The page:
Presentation is loading. Please wait.

Presentation is loading. Please wait.

O brave new world That has such students in’t! CELALEI 2014 Carlos Lizárraga.

Similar presentations

Presentation on theme: "O brave new world That has such students in’t! CELALEI 2014 Carlos Lizárraga."— Presentation transcript:

1 O brave new world That has such students in’t! CELALEI 2014 Carlos Lizárraga


3 O, wonder! How many goodly creatures are there here! How beauteous mankind is! O brave new world, That has such people in't!

4 O brave new world, That has such students in't!




8 Brave new ELT world

9 Brave new ELT world Brave new TESOL world Brave new EFL world Brave new ESL world Brave new EIL world ESP EAP ELF ???

10 Brave new ELT world Brave new TESOL world Brave new EFL world Brave new ESL world Brave new EIL world ESP EAP ELF TENOR!

11 World of English Language Learning  Diversity of people and communities  Purposes  Contexts  Globalization  Communication technologies  # of English speakers

12 Ownership of English  Kachru’s (1992) “Three Circle model”  INNER CIRCLE: Britain, the US, Canada, Australia, New Zealand  OUTER CIRCLE: India, Philippines, Singapore  EXPANDING CIRCLE: English used in restricted contexts & for limited purposes

13 What about ownership for EIL and ELF speakers?

14 Macroacquisition (Brutt-Griffler, 2002) “English has gained a life beyond its land or origins, it has acquired an identity and currency in new geographical and social domains, and it gets localized for diverse settings and purposes.” (Canagarajah, 2005) Global Discourse communities  Registers  Occupations  Social interest groups  Common histories, affiliations, and goals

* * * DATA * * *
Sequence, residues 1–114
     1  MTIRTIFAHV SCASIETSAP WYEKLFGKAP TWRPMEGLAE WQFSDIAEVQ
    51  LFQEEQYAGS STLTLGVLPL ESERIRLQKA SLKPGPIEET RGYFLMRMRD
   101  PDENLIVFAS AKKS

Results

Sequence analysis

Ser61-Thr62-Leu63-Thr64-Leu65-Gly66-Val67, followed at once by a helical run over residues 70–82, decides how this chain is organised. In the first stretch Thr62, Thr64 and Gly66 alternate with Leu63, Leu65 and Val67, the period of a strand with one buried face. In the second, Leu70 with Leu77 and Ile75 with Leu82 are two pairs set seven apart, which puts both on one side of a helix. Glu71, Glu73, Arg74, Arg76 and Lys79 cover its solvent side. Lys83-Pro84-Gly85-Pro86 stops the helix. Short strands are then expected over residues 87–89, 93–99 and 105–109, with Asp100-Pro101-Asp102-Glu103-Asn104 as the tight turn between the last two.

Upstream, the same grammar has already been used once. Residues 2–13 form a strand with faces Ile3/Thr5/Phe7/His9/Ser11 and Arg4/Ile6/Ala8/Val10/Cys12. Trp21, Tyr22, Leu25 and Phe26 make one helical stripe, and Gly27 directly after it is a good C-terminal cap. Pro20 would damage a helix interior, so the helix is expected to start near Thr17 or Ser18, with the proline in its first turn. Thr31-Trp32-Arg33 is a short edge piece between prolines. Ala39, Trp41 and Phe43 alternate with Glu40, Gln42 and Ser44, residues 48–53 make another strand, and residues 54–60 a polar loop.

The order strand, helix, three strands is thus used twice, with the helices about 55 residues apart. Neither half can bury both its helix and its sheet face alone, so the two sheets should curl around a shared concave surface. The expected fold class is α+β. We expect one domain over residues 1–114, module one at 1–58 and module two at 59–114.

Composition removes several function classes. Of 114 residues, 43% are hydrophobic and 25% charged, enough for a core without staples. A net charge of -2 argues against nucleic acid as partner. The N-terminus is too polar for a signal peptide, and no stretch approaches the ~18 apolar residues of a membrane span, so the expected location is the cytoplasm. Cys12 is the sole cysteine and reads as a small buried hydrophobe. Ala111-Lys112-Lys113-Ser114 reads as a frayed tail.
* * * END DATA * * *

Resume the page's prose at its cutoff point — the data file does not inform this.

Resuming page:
15 Consequences  English is denationalized / deterritorialized  It’s a local language too, evolving to suit local needs and identities  David Crystal

16 A ‘glocal’ perspective  EIL learners and “acts of identity” by use of semiotic means:  Code-switching  Styling  Making up words or expressions

17 Our identity construction  Dealing with what ENGLISH represents  TO PONDER:  How do we see ourselves in terms of our role in our students’ holistic education?  Why do I want to teach English?

18 Teaching English: a reflective approach grounded in the local cultures and identities of its speakers Identity and learning English: “While the cognitive paradigm saw language as an a priori system of symbols and rules, and language use as arising from an abstract idealized speaker competence, the sociocultural perspective conceptualized language as a “complex social practice in which the value and meaning ascribed to an utterance are determined in part by the value and meaning ascribed to the person who speaks.” (Alsagoff, p. 106 quoting Norton & Toohey, 2002, p. 587)

19 NAPs: Intercultural citizenship and identity construction Identity and intercultural citizenship (Norton, 1997): “How people understand their relationship to the world, how that relationship is constructed across time and space, and how people understand their possibilities for the future.”

20 Identity within four realities a)Global reality b)National reality c)Social reality d)Individual reality

21 Goals of EIL learners  Access to desired global discourse communities (work or education)  Interaction with people with similar social interests  Alsagoff: The comparative fallacy

22 The EIL learner: NOT an imperfect native speaker BUT a multilingual agent in control of complex linguistic repertoires that serve their identity needs

23 Self subordination and the colonized ‘other’ (Jenkins) Our duality: Do we want to project our own local identity in our English, & be part of a community of ELF speakers? Yes, probably, BUT we also want to sound “native”